Matrix Runner

From Sega Retro

Matrix Runner
System(s): Sega Mega Drive
Developer: ZCT Systems Group
Genre: Adventure
Number of players: 1
Status of prototype(s): Unreleased
Peripheral(s): Sega VR

Matrix Runner is an unreleased Sega Mega Drive first-person adventure game for use with the Sega VR headset, developed by ZCT Systems Group and scheduled to be published by Sega.


The August/September 1993 issue of Sega Visions magazine described Matrix Runner as allowing users to "play [as] an elite superhacker in this unique cyberspace voyage. You have to explore the dark, winding databanks of the Matrix to solve the mysterious disappearance of your colleagues, knowing that you might be the next victim. In your travels, you will collide with strange semi-humans and vulture-like beings."[1]


Announced alongside the Sega VR at Summer CES 1993, the game was a cyberpunk adventure game with polygonal 3D graphics, where the player must solve a murder mystery by entering a cyberspace called the Matrix. It was reportedly inspired by Hideo Kojima's Snatcher.[2]

Matrix Runner‘s attempt at visualizing a cyberspace called the Matrix anticipates the 1999 film The Matrix.


Matrix Runner was developed as a demonstration of the Sega VR’s innovative virtual reality display. ZCT Systems Group began development on the game sometime in 1992, producing an early version of the game that demonstrated animated enemies of various shapes and power. This prototype was the basis for footage appearing in Sega of America promotional videos.[3]

Development continued and the game reached about two-thirds completion before the Sega VR project was cancelled. ZCT Systems Group was required by contract to destroy all code, video, test data, etc., and they did.[4]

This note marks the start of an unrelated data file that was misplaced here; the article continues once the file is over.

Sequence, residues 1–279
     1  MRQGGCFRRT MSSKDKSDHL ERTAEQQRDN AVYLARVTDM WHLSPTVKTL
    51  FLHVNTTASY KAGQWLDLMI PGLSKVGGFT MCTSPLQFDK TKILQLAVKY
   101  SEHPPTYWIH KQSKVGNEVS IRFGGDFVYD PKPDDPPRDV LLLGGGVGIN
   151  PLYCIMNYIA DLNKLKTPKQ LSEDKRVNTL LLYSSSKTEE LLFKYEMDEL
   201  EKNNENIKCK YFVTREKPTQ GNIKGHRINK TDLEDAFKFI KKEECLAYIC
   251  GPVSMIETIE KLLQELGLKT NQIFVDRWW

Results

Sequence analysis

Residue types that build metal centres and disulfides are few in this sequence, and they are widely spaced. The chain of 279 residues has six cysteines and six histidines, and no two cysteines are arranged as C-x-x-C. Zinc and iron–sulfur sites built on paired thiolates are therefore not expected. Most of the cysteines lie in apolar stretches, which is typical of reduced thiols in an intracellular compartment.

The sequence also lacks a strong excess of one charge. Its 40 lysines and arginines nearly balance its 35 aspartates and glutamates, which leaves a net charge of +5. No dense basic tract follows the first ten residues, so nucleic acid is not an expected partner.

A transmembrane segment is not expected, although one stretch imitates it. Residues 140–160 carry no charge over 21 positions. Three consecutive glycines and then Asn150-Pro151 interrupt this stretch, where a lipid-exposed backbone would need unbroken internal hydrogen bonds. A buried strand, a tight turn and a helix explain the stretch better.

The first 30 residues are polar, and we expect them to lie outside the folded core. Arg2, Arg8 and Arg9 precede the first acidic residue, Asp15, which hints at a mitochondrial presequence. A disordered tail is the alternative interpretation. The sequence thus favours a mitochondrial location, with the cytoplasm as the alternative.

Former owner of ZCT Systems Group, Inc., if you look closely at the cubes, you’ll notice Sega reversed the image as ZCT appears on the surface of the cubes.

We engineered and wrote the code for this demonstration.


We had demonstrated the matrix with animated opponents of various shapes and powers. Sega video taped this version and distributed a shortened version of it news outlets. We were beginning the game AI when Sega cancelled the program, so we were about 2/3 finished.

There was no relation to Free Runner.


When Sega cancelled the VR headset, we were required by contract to destroy all code, video, test data, etc., and we did.

However, I’ve since seen video of the Mateix [sic] Runner game on a few websites, but haven’t been able to locate them as of yet. The video shows the matrix with opponents, but under joystick control. As I recall, the headset was producing pitch, roll and yaw information at around .25 hertz which was much to slow for an action game of this nature. That, I believe, is why Sega cancelled the program as the headset was not only far more expensive than the console, it was also far too slow in transmitting pitch, roll and yaw that was necessary for a game of this nature.

ZCT Systems Group Owner Greg Zumwalt[5]



Promotional material

1993 Sega Catalog.pdf

US trade catalogue


Sega VR
Topics Technical specifications | History | Magazine articles | Promotional material | Ono-Sendai Corporation
Games Iron Hammer | Matrix Runner | Nuclear Rush | Outlaw Racing